Cyclone rips into Bangladesh

HUNKERING DOWN::About 800,000 people spent the night in more than 2,000 cyclone evacuation shelters in Bangladesh, while 70,000 were evacuated in Myanmar

AFP, CHITTAGONG, Bangladesh

Fri, May 17, 2013 - Page 6

A cyclone ripped into the Bangladeshi coast yesterday as hundreds of thousands of people hunkered down in evacuation shelters, including in a region of Myanmar torn by communal unrest.

Two people died as Cyclone Mahasen hit Bangladesh’s southern Patuakhali coast, officials said, while heavy rains and strong winds also lashed neighboring Myanmar’s northwest coast, home to tens of thousands of displaced Muslim Rohingya.

Weather officials said that Mahasen was likely to whip the heavily populated coastline stretching from Bangladesh’s second city Chittagong to the Cox’s Bazaar tourist region in the afternoon, but fears of widespread damage receded as Mahasen appeared to have lost some of its power after languishing over the Bay of Bengal for several days and it made landfall packing winds of up to 90kph.

“Cyclone Mahasen started crossing the Patuakhali coast at 9am Thursday,” said Shamsuddun Ahmed, deputy director of the Bangladesh Meteorological Department. “It is not a severe cyclone. It did not gain strength in the last part of its journey as it hit the coast.”

Provincial administrator Nurul Amin said two elderly people had been killed, one drowning after being swept into a lake. Reports said the second victim was hit by a falling tree.

Low-lying areas were submerged by a 1m storm surge, less than earlier feared.

“We’re lucky that it hit the coast during low tide,” Ahmed said.

About 800,000 people spent the night in more than 2,000 cyclone shelters, as well as schools and colleges, along Bangladesh’s long coastline.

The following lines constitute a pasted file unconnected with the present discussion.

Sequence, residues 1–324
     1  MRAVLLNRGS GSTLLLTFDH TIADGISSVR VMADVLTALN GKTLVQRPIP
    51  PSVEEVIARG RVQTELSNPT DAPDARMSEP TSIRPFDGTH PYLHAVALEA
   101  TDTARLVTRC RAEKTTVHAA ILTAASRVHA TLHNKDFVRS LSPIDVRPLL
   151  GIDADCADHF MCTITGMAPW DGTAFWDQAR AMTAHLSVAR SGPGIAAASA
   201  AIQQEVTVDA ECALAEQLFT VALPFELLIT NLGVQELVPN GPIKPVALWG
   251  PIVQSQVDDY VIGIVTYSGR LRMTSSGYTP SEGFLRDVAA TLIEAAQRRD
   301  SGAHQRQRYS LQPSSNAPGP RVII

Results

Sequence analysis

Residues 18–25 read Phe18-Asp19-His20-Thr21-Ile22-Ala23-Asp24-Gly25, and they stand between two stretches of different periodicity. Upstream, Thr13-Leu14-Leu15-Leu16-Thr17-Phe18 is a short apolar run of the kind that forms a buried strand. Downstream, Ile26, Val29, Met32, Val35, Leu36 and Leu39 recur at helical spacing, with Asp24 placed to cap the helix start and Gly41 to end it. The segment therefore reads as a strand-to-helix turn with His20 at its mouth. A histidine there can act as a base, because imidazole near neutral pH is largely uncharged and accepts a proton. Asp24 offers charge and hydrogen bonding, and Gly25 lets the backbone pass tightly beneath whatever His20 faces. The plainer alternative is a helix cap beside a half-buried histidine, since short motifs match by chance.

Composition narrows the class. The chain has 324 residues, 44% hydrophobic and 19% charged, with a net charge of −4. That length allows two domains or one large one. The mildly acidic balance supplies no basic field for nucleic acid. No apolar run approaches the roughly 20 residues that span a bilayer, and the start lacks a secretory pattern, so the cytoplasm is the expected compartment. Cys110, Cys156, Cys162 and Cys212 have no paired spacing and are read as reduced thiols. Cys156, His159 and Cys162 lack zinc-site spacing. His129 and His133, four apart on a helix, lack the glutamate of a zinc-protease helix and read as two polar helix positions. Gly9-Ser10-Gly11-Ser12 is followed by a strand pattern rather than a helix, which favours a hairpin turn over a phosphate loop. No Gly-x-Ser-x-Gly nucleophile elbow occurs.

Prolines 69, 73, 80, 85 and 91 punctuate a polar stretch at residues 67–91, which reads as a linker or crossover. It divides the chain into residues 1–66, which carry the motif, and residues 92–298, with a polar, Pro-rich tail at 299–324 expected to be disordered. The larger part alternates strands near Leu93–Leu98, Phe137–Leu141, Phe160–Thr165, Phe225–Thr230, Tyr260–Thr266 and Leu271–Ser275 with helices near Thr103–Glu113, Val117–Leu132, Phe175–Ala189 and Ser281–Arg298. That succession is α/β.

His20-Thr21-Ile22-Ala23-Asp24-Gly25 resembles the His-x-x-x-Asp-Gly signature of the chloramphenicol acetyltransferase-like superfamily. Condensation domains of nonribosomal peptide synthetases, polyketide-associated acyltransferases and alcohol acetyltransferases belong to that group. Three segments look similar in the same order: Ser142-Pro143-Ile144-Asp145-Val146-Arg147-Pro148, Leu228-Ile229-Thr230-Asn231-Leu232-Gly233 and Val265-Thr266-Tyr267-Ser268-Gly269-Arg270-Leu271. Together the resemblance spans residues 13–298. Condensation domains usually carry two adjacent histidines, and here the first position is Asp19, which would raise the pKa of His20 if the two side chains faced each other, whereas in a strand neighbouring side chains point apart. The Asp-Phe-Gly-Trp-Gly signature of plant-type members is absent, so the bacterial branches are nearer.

Jahangir Alam, 22, took his paralyzed mother to the Patenga Girls School in Chittagong, carrying her up to the third floor, which had been turned into a makeshift cyclone shelter.

“We live in a low-lying area, so we didn’t want to take any risk. The government gave us food last night,” he said.

Chan Mia, who had taken his family of seven to the same shelter, said the main concern was about the storm surges.

“We are not afraid of the wind. We are more worried about storm surges that can sweep the village within minutes,” the 50-year-old said.

Of the total, 600,000 people alone were evacuated in the Chittagong region, provincial administrator Mohammad Abdullah said.

“We have enough food, medicine and other facilities in these shelters,” he said, adding that the armed forces were on standby.

Mohammad Mehrajuddin, an elected local government head of southern Nijhum Dwip Island, said by telephone that many villagers in his area did not move to cyclone shelters for fear their cattle would be stolen.

There was a similar reluctance to move among the Muslim Rohingya across the border in Myanmar, reflecting a deep mistrust of the security forces and local Buddhists after communal violence last year.

State media in Myanmar said that by Wednesday 70,000 people had been evacuated from the camps and vulnerable local villages.

About half of the residents at one camp for internally displaced persons (IDPs) on the outskirts of the state capital Sittwe appeared to have moved out overnight, journalists who visited yesterday morning said.

Than Win, 38, was among those staying behind to guard his tent.

“Some of the IDPs do not trust the authorities,” he said.

“They worry that they will be kept elsewhere and will never be able to come back,” he said, adding that the rest of his family had moved to higher ground.

Buddhist-Muslim clashes in the region last year left about 200 people dead and whole neighborhoods burned to the ground.

Fifty-eight Rohingya were missing after their boat capsized on Monday as they tried to escape the cyclone by sea to higher ground along the coast.